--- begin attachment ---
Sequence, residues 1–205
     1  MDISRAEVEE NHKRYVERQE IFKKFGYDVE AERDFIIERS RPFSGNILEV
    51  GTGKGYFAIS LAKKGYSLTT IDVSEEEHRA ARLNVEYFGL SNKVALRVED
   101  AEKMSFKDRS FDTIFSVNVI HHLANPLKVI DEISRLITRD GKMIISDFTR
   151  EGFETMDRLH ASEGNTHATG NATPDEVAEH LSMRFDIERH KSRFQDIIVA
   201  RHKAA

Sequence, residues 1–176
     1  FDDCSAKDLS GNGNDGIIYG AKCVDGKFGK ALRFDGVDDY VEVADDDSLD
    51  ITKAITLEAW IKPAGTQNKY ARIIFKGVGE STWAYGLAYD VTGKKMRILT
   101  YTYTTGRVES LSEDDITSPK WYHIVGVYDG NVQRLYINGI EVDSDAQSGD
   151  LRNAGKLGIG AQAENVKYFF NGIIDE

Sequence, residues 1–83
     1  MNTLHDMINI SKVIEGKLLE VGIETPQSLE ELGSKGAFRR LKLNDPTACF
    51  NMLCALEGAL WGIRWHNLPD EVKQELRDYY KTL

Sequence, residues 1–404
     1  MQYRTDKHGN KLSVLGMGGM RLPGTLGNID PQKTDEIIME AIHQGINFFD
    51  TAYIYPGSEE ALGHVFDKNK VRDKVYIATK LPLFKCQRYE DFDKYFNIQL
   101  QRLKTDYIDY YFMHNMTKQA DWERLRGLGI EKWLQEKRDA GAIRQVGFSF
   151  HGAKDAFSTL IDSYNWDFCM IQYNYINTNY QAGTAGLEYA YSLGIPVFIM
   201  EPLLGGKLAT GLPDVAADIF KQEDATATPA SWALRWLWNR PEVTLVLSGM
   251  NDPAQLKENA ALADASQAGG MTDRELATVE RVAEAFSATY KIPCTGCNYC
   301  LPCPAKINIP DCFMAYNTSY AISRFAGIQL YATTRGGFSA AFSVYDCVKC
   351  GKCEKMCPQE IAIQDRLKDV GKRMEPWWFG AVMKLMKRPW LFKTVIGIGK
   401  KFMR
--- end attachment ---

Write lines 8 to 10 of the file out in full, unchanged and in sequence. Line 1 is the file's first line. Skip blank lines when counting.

     1  FDDCSAKDLS GNGNDGIIYG AKCVDGKFGK ALRFDGVDDY VEVADDDSLD
    51  ITKAITLEAW IKPAGTQNKY ARIIFKGVGE STWAYGLAYD VTGKKMRILT
   101  YTYTTGRVES LSEDDITSPK WYHIVGVYDG NVQRLYINGI EVDSDAQSGD